U.S. banks’ overseas swaps trades face new curbs under a U.S. Securities and Exchange Commission (SEC) plan adopted today, even as some members warned the regulation may not go far enough to rein in recent Wall Street efforts to escape the Dodd-Frank Act.
The SEC voted 5-0 to extend the agency’s rules to transactions executed by foreign divisions of banks, including JPMorgan Chase & Co. and Goldman Sachs Group Inc., when the affiliate’s trades are legally guaranteed by the parent company. The new rule comes as Wall Street has removed those guarantees to avoid Dodd-Frank Act regulations issued by another regulator, the Commodity Futures Trading Commission (CFTC).
“The recent financial crisis is replete with examples of firms rescuing their affiliates,” Commissioner Kara Stein said before the vote.“Firms do not jettison them off to fend for themselves in times of crisis; they bail them out.”
U.S. regulators have faced a backlash from European and Asian authorities for overreaching in their desire to apply Dodd-Frank rules overseas. Meanwhile, Wall Street lobbying organizations have sued the CFTC, which is the primary U.S. regulator of derivatives, to limit the international scope of the agency’s power.
“The final rules and guidance have been substantially strengthened from our 2013 proposal to better protect the U.S. financial system from the risks that can be posed by security-based swap activity,” SEC Chair Mary Jo White said at a public meeting.
Cross-border application of U.S. derivatives rules is one of the most contentious features of Dodd-Frank, the regulatory expansion enacted after the 2008 credit crisis. The law gave the SEC authority over trading in equity and some credit-default swaps, about 5 percent of U.S. swaps, while the CFTC oversees the rest: swaps on interest rates, currencies, and credit indexes.
David Felsenthal, a New York-based partner at the Clifford Chance law firm, said the split oversight could cause problems for credit-default swaps.
“It will be very difficult if there is any inconsistency to try to mesh the two markets together,” Felsenthal said in a phone interview.
The SEC’s final rules change its earlier approach to overseeing U.S. banks’ overseas affiliates. Instead of exempting those entities from the rules, they will now come under the regulations when their overseas trades are guaranteed by a U.S. parent. A guarantee is “a legally enforceable right” that is “in whole or in part, oral or written, by contract or statute,” White said.
“To the extent that the new financial arrangements do not create a legally enforceable right of resource against a U.S. person, our rules may not bring these affiliates within our regulatory oversight,” White said.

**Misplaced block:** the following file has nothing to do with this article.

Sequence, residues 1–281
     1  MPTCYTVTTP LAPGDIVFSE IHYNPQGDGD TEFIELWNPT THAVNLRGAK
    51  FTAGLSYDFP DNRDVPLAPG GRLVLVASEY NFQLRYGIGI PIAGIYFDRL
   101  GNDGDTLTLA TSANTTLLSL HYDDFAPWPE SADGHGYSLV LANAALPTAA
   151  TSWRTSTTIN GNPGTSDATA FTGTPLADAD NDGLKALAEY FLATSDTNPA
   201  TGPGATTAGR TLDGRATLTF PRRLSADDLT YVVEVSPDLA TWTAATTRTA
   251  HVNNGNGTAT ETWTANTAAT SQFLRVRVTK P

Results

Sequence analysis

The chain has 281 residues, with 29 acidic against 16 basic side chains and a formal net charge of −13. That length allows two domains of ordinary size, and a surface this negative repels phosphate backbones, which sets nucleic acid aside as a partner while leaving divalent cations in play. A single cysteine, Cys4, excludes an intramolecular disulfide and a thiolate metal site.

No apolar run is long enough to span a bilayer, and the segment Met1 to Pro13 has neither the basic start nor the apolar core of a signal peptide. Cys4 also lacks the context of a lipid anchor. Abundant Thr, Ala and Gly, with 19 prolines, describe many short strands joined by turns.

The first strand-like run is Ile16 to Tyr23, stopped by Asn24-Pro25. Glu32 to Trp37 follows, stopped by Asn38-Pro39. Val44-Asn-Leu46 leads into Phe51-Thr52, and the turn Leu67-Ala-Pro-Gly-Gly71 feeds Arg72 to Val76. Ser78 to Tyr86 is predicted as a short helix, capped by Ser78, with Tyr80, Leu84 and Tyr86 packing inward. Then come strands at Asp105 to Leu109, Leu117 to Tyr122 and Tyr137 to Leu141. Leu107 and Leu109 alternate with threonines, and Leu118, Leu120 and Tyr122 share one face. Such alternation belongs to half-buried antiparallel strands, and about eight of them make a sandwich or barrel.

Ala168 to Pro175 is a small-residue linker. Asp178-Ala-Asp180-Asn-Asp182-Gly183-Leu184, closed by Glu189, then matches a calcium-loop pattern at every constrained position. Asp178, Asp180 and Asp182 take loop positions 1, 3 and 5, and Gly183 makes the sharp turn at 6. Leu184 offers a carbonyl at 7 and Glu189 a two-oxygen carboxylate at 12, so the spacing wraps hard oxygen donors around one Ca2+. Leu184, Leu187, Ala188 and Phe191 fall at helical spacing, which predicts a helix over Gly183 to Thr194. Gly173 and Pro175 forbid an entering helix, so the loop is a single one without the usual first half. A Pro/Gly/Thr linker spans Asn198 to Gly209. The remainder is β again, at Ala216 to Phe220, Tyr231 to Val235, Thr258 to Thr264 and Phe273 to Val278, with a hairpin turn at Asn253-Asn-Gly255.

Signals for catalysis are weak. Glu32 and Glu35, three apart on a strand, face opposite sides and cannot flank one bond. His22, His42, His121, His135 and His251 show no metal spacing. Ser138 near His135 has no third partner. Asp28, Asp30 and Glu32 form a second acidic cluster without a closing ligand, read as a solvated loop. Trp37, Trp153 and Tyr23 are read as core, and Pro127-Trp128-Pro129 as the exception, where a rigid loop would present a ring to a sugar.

The SEC also weakened the rules by not including a requirement to regulate swaps trades conducted in the U.S. by foreign banks and other overseas entities. The SEC said it would seek additional comment before adopting or rejecting the rule.
Critics of the SEC’s approach faulted the agency last year for taking a different approach than the CFTC, which oversees about 95 percent of the U.S. swaps market. Others said the SEC’s strategy would allow banks to escape regulation by moving more swaps deals offshore, which would raise the risk that an affiliate’s collapse could harm the U.S. parent company.
Advocates of stricter regulation had urged the SEC to expand its authority over U.S. banks’ swaps trading abroad. The agency should have broadened its definition of guaranteed trades to include those with the “implicit” backing of a U.S. parent company, according to groups such as Better Markets, a Washington-based non-profit that advocates for tougher financial regulation.
“They have seen how Wall Street has evaded the CFTC’s rules since last July,” said Dennis Kelleher, president of Better Markets. “We have spent hours with the SEC staff discussing this and a straightforward solution: Directly prohibit de facto guarantees, Wall Street’s latest tactic to avoid sensible and necessary rules.”
The Federal Deposit Insurance Corp., which regulates Wall Street banks, has said it is monitoring the move by banks to remove parent guarantees from affiliates or specific transactions so they can trade in the interdealer market free of many Dodd-Frank restrictions. The CFTC is reviewing the overseas changes and analyzing whether there is “evasive activity under way,” Commissioner Mark P. Wetjen said on May 14.
Under CFTC guidelines, overseas affiliates that lack a parent guarantee fall under fewer restrictions than do foreign branches or guaranteed affiliates of U.S. banks. As a result, the swaps market is fracturing, with trades in the U.S. falling under Dodd-Frank and trades elsewhere subject to local laws.
Trades with non-U.S. participants are occurring off of the new Dodd-Frank swap-execution facilities because they are being done by the non-guaranteed subsidiaries, John Nixon, an executive at London-based ICAP Plc, the world’s largest interdealer broker, said at a CFTC advisory meeting on May 21.
The U.S. House voted 265-144 to approve legislation yesterday that would restrict the CFTC’s ability to impose rules overseas, among other changes to the agency’s authority over agriculture, energy, and financial markets.